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Wednesday, November 13, 2019

Activities & Organizations

Physicians stress to students importance of getting HPV vaccine


Dr. Lois Ramondetta and Dr. Patricia Hayes told attendees the various ways they could contract HPV, including kissing and heavy petting. | Donna Keeya/The Cougar

Dr. Lois Ramondetta and Dr. Patricia Hayes told attendees the various ways they could contract HPV, including kissing and heavy petting. | Donna Keeya/The Cougar

Two HPV awareness events including a screening of the film “Someone You Love” and an HPV panel discussion were hosted by the Student Government Association this week.

HPV is short for Human Papillomavirus and is a widespread sexually transmitted infection. The events hosted by SGA were aimed to bring awareness to the Gardasil 9 vaccine, which can prevent contracting specific HPV strains and the potential cancers that can follow.

“Someone You Love” was shown Monday night in the Student Center Theater and followed the stories of four women’s experiences with HPV. The documentary explained how HPV not only affected their health, but their emotions and relationships as well.

“The documentary screening actually goes through the lives of four women who were diagnosed with different types of HPV related cancers,” said SGA Deputy Chief of Staff Tania Hameed. “It was to help connect in students’ minds, while this is very common, 80 percent of the population in America have HPV already.”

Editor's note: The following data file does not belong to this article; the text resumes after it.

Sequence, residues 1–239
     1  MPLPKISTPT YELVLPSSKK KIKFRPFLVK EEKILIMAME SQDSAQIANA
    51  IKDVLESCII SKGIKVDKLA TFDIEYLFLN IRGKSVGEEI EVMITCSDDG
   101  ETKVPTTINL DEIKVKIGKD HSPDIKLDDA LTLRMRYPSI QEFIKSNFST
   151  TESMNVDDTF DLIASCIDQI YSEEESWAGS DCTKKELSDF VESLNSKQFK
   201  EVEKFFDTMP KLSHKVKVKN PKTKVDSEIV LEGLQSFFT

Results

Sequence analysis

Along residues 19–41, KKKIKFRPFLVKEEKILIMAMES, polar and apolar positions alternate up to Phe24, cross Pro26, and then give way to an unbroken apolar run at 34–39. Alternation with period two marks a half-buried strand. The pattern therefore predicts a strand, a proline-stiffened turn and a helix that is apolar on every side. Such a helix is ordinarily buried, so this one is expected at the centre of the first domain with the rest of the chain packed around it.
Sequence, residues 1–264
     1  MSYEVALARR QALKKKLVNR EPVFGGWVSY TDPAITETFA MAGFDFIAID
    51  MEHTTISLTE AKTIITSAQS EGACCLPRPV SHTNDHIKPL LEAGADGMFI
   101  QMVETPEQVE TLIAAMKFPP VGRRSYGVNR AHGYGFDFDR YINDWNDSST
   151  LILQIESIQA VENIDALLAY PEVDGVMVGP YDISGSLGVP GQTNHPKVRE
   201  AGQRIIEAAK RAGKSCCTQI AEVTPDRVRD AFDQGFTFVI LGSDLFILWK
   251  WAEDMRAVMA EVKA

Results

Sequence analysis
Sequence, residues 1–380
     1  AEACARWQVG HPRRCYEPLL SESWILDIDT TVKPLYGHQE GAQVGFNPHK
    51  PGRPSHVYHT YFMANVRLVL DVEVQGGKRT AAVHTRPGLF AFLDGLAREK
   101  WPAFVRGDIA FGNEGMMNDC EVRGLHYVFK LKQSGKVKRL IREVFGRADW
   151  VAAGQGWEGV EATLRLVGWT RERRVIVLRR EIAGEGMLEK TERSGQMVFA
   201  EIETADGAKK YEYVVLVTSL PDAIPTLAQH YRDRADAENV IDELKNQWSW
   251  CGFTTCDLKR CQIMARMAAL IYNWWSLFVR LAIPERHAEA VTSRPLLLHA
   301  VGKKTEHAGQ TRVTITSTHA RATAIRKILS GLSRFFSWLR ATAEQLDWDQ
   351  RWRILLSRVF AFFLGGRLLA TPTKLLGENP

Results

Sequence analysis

The HPV panel discussion was led by local physicians Dr. Lois Ramondetta from MD Anderson Cancer Center and Dr. Patricia Hayes from Legacy Community Health.

Ramondetta and Hayes each opened up about their own experience and insight on HPV and then did a Q&A.

“There is a safe, effective and long lasting vaccine that has been FDA approved since 2006 that’s available, and we are only vaccinating about half the population for complete protection,” Ramondetta said.

The Gardasil 9 vaccine works to prevent outbreaks of HPV that can be contracted through human contact.

HPV can be transmittable through vaginal, anal, or oral sex. Some studies suggest it can be spread through open mouth kissing.

“What you need to know about HPV is that everybody will be exposed, it’s a very unusual person who doesn’t get exposed to HPV,” Ramondetta said. “If you are a human being who has an intimate relationship with somebody, at one point in your life you’re going to be exposed.”

The panel discussed how some parents are hesitant to vaccinate their children out of fear of providing their child an incentive to have sexual relations.

However, Hayes said it’s important to vaccinate children young, whether or not if they plan on engaging in intimate relations in the near future.

“With our younger patients, parents are always concerned that this provides them motivation to then be sexually promiscuous,” Hayes said. “This is something that if you’re not vaccinated, you’re very likely to get. You want to vaccinate earlier, because eventually you will likely engage in sexual intercourse with somebody.”

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